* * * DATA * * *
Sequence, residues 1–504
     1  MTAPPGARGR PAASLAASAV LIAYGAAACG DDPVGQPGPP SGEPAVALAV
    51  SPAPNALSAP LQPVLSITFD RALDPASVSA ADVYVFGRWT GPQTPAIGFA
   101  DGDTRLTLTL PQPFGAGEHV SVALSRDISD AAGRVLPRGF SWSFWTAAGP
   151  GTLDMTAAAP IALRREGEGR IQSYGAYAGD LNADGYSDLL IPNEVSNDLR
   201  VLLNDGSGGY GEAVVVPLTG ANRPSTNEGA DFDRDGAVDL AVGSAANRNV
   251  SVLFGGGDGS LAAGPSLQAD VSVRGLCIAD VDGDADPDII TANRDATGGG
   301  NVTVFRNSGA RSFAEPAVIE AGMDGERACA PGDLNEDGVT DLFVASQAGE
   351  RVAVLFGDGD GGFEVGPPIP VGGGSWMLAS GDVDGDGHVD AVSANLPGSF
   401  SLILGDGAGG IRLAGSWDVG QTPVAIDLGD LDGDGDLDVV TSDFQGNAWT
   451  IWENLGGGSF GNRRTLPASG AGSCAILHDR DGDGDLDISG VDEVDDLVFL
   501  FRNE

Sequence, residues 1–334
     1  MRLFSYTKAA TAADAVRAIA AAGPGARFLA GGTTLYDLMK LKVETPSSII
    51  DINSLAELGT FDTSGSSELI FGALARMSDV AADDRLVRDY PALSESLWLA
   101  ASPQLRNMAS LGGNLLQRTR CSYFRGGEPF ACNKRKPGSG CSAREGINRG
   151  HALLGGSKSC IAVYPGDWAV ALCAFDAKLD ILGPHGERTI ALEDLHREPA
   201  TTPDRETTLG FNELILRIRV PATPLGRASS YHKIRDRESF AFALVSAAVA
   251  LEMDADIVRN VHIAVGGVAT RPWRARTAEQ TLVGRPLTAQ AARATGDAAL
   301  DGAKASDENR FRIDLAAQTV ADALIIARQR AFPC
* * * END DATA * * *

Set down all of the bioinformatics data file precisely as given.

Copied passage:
Sequence, residues 1–504
     1  MTAPPGARGR PAASLAASAV LIAYGAAACG DDPVGQPGPP SGEPAVALAV
    51  SPAPNALSAP LQPVLSITFD RALDPASVSA ADVYVFGRWT GPQTPAIGFA
   101  DGDTRLTLTL PQPFGAGEHV SVALSRDISD AAGRVLPRGF SWSFWTAAGP
   151  GTLDMTAAAP IALRREGEGR IQSYGAYAGD LNADGYSDLL IPNEVSNDLR
   201  VLLNDGSGGY GEAVVVPLTG ANRPSTNEGA DFDRDGAVDL AVGSAANRNV
   251  SVLFGGGDGS LAAGPSLQAD VSVRGLCIAD VDGDADPDII TANRDATGGG
   301  NVTVFRNSGA RSFAEPAVIE AGMDGERACA PGDLNEDGVT DLFVASQAGE
   351  RVAVLFGDGD GGFEVGPPIP VGGGSWMLAS GDVDGDGHVD AVSANLPGSF
   401  SLILGDGAGG IRLAGSWDVG QTPVAIDLGD LDGDGDLDVV TSDFQGNAWT
   451  IWENLGGGSF GNRRTLPASG AGSCAILHDR DGDGDLDISG VDEVDDLVFL
   501  FRNE

Sequence, residues 1–334
     1  MRLFSYTKAA TAADAVRAIA AAGPGARFLA GGTTLYDLMK LKVETPSSII
    51  DINSLAELGT FDTSGSSELI FGALARMSDV AADDRLVRDY PALSESLWLA
   101  ASPQLRNMAS LGGNLLQRTR CSYFRGGEPF ACNKRKPGSG CSAREGINRG
   151  HALLGGSKSC IAVYPGDWAV ALCAFDAKLD ILGPHGERTI ALEDLHREPA
   201  TTPDRETTLG FNELILRIRV PATPLGRASS YHKIRDRESF AFALVSAAVA
   251  LEMDADIVRN VHIAVGGVAT RPWRARTAEQ TLVGRPLTAQ AARATGDAAL
   301  DGAKASDENR FRIDLAAQTV ADALIIARQR AFPC